What is it about?

This article will discuss social, environmental, and ecological justice in education for sustainable development (ESD) and Education for Sustainable Development Goals (ESDG). The concept of sustainable development and, by extension, the ESD, places heavy emphasis on the economic and social aspects of sustainability. However, the ESD falls short of recognizing ecological justice, or recognition that nonhumans also have a right to exist and flourish. An intervention in the form of an undergraduate course titled Politics, Business, and Environment (PBE) will be discussed. As part of this course, students were asked to reflect on the three pillars of sustainable development: society, economy, and environment, linking these to the fourth concept, ecological justice or biospheric egalitarianism. Biospheric egalitarianism is characterized by the recognition of intrinsic value in the environment and is defined as concern about justice for the environment. Some of the resulting exam answers are analyzed, demonstrating students’ ability to recognize the moral and pragmatic limitations of the anthropocentric approach to justice.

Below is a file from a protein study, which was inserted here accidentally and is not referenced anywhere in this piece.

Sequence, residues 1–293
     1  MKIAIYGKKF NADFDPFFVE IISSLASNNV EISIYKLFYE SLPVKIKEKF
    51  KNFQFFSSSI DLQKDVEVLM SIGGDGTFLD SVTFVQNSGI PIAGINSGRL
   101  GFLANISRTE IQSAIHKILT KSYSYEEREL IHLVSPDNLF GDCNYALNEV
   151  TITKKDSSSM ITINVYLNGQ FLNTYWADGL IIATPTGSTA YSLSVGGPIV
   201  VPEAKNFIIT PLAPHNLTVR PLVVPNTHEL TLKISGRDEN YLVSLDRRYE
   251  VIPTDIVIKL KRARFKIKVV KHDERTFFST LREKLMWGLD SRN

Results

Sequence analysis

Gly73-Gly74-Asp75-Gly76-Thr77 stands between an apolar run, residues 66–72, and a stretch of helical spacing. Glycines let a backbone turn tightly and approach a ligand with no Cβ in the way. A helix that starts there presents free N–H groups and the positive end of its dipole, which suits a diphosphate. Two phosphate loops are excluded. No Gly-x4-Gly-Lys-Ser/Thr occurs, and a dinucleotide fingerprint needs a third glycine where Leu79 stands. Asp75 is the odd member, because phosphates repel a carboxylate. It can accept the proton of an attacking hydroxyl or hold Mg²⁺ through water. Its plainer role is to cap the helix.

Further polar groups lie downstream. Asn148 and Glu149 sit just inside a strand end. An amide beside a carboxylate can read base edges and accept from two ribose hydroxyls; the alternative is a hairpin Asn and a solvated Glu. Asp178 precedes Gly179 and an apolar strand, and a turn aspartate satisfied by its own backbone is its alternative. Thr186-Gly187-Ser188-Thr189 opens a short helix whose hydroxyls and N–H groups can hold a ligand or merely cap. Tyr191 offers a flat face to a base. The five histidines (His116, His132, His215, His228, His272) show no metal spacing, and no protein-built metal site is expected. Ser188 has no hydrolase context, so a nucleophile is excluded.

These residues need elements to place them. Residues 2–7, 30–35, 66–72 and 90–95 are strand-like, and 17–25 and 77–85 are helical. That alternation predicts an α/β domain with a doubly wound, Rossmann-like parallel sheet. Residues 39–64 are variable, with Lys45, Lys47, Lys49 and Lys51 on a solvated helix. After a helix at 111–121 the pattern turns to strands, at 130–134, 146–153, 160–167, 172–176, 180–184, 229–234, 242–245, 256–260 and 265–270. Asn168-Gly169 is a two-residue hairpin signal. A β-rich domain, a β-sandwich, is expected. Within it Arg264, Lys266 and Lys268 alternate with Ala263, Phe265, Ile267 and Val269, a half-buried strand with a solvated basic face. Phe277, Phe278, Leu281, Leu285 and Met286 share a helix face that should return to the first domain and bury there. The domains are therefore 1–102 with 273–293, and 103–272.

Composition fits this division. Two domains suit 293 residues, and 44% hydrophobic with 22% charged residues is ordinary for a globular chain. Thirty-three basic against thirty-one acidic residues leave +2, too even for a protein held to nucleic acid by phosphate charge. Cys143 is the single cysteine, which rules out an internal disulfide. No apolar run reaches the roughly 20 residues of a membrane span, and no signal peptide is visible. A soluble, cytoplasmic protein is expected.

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Why is it important?

Critical pedagogy and ecopedagogy’s call to reform education in such a way that it becomes critical but also emancipated may offer much more than the unreflective quest for economic growth or the optimism of denial espoused by the SDGs.


Education for Sustainable Development Goals, its limitations, and alternatives

Dr Helen Kopnina
Northumbria University

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This page is a summary of: Education for Sustainable Development Goals (ESDG): What Is Wrong with ESDGs, and What Can We Do Better?, Education Sciences, September 2020, MDPI AG, DOI: 10.3390/educsci10100261.
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